Driving tired as dangerous as driving drunk

If you’re overtired while driving, you’re impaired, say local police.

“Drowsy drivers put themselves and other drivers at risk,” says a recent news release. “Like alcohol, fatigue affects our reaction time, decreases our awareness and impairs our judgment.  Being overtired, your driving ability may well be impaired.”

And there’s a lot of research to back that up.

An American Automobile Association Foundation for Traffic Safety study declared drowsy driving just as dangerous as drunk driving. New research confirms: drivers who miss only one or two hours of the recommended seven hours of sleep per night nearly double their risk of crashing.

Transport Canada says about 20 per cent of fatal collisions involve driver fatigue. A 2007 survey found that about 60 per cent of Canadian drivers admitted that they occasionally drove while fatigued.

A new poll by the Traffic Injury Research Foundation (TIRF) revealed that nearly 1.3 million Ontarians fell asleep or nodded off while driving at least once in the past year. Of these drivers, more than 100,000 did so on five or more occasions.

“The number of fatigued and drowsy drivers in Ontario is a matter of major concern because of the elevated crash risk they pose,” says Ward Vanlaar, a TIRF research associate, in a separate news release. “These drivers accounted for 5.5 million driving trips during which they fell asleep or nodded off.”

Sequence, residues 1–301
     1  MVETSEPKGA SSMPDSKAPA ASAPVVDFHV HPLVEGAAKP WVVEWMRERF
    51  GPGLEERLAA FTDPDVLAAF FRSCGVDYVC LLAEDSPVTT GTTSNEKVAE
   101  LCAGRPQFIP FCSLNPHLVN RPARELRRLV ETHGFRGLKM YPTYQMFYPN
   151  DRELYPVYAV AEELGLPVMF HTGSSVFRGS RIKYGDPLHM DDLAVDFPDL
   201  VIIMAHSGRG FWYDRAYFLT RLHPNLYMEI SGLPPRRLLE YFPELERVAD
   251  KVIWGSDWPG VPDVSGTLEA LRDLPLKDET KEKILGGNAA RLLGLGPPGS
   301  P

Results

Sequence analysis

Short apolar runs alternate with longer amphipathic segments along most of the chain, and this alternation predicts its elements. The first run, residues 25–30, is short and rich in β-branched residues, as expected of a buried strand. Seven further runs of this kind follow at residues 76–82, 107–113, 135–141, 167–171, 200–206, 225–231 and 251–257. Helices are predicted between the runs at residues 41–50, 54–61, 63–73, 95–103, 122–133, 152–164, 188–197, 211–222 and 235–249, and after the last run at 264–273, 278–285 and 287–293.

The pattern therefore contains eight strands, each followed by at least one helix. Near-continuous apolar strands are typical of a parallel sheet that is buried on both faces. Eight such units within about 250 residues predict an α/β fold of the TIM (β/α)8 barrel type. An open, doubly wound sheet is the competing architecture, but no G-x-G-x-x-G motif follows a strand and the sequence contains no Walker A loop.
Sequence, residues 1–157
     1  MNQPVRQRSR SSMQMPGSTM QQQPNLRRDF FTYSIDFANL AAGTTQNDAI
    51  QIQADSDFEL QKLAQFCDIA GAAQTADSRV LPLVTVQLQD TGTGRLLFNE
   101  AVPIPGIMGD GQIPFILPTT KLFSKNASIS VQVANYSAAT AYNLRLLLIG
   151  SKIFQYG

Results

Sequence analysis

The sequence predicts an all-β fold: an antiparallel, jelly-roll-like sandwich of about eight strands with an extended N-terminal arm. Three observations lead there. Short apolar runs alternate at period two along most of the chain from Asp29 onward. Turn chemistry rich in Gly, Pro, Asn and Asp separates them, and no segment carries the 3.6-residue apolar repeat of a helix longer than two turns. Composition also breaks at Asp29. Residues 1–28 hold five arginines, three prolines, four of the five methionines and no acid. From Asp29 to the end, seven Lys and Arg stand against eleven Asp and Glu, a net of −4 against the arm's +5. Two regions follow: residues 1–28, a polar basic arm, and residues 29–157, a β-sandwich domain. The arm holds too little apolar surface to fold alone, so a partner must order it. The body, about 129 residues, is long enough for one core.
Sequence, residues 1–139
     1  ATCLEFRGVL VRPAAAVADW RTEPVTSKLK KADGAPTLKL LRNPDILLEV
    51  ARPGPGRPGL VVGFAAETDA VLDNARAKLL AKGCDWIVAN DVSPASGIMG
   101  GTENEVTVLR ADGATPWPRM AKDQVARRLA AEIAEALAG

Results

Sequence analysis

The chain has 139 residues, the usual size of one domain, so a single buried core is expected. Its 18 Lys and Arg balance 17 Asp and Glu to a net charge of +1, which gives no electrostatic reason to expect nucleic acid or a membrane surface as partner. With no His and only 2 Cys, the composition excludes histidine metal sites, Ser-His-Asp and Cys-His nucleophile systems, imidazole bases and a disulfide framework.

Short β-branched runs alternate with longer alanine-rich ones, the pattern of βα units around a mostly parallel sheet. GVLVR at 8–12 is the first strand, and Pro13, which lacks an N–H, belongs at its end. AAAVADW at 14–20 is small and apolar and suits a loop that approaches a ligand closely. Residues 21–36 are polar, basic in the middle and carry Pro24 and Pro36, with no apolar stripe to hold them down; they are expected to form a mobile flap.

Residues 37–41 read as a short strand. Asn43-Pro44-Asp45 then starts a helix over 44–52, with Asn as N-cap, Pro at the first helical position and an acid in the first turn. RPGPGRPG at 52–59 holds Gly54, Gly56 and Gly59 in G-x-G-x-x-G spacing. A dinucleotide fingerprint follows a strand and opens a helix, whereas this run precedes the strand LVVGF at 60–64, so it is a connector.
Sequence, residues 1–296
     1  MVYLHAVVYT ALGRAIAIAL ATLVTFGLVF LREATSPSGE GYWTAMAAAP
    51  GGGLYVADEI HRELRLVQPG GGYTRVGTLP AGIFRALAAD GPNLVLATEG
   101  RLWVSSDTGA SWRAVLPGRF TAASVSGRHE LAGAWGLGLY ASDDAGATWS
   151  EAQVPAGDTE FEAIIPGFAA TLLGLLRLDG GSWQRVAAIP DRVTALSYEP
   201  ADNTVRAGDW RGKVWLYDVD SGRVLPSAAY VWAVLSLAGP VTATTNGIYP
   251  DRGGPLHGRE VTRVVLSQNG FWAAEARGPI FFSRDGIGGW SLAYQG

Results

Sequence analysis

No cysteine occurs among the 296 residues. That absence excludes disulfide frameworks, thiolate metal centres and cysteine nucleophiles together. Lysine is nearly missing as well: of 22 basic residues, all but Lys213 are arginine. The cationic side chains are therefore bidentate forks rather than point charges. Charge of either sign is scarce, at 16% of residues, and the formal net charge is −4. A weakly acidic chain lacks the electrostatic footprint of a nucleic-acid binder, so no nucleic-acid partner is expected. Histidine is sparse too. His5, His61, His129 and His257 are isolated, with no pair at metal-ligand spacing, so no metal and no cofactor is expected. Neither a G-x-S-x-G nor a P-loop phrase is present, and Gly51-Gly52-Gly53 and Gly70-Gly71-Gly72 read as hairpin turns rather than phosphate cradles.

Signs that you may be too tired to drive include loss of concentration, drowsiness, slow reactions, sore or tired eyes, feeling irritable and restless, missing road signs, difficulty staying in the right lane and nodding off.  Drivers are encouraged to safely pull over to the side of the road and stop for a nap.

The message from police, “Please don’t drive.”

Logo courtesy of Florida Highway Safety and Motor Vehicles

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